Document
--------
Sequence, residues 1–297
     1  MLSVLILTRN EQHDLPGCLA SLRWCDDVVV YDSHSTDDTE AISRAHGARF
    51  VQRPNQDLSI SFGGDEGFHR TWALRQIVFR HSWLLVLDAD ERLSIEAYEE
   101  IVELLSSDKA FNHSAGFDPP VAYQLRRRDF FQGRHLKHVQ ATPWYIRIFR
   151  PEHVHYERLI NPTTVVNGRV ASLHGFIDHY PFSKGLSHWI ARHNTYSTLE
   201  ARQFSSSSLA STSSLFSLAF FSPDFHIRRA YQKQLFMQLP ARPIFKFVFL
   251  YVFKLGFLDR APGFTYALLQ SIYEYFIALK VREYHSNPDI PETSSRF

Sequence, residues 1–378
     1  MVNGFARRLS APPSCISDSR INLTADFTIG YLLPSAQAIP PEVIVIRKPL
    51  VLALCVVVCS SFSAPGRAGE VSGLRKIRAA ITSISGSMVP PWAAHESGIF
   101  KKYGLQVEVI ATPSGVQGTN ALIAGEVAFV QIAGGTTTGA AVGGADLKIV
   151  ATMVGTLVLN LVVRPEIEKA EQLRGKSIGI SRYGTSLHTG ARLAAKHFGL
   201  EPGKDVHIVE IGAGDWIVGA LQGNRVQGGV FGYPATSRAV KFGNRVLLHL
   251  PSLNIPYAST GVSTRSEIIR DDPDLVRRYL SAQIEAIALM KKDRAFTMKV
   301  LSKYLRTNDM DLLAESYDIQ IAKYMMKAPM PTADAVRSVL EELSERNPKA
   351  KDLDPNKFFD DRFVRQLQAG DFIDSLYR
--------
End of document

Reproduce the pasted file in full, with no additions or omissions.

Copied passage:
Sequence, residues 1–297
     1  MLSVLILTRN EQHDLPGCLA SLRWCDDVVV YDSHSTDDTE AISRAHGARF
    51  VQRPNQDLSI SFGGDEGFHR TWALRQIVFR HSWLLVLDAD ERLSIEAYEE
   101  IVELLSSDKA FNHSAGFDPP VAYQLRRRDF FQGRHLKHVQ ATPWYIRIFR
   151  PEHVHYERLI NPTTVVNGRV ASLHGFIDHY PFSKGLSHWI ARHNTYSTLE
   201  ARQFSSSSLA STSSLFSLAF FSPDFHIRRA YQKQLFMQLP ARPIFKFVFL
   251  YVFKLGFLDR APGFTYALLQ SIYEYFIALK VREYHSNPDI PETSSRF

Sequence, residues 1–378
     1  MVNGFARRLS APPSCISDSR INLTADFTIG YLLPSAQAIP PEVIVIRKPL
    51  VLALCVVVCS SFSAPGRAGE VSGLRKIRAA ITSISGSMVP PWAAHESGIF
   101  KKYGLQVEVI ATPSGVQGTN ALIAGEVAFV QIAGGTTTGA AVGGADLKIV
   151  ATMVGTLVLN LVVRPEIEKA EQLRGKSIGI SRYGTSLHTG ARLAAKHFGL
   201  EPGKDVHIVE IGAGDWIVGA LQGNRVQGGV FGYPATSRAV KFGNRVLLHL
   251  PSLNIPYAST GVSTRSEIIR DDPDLVRRYL SAQIEAIALM KKDRAFTMKV
   301  LSKYLRTNDM DLLAESYDIQ IAKYMMKAPM PTADAVRSVL EELSERNPKA
   351  KDLDPNKFFD DRFVRQLQAG DFIDSLYR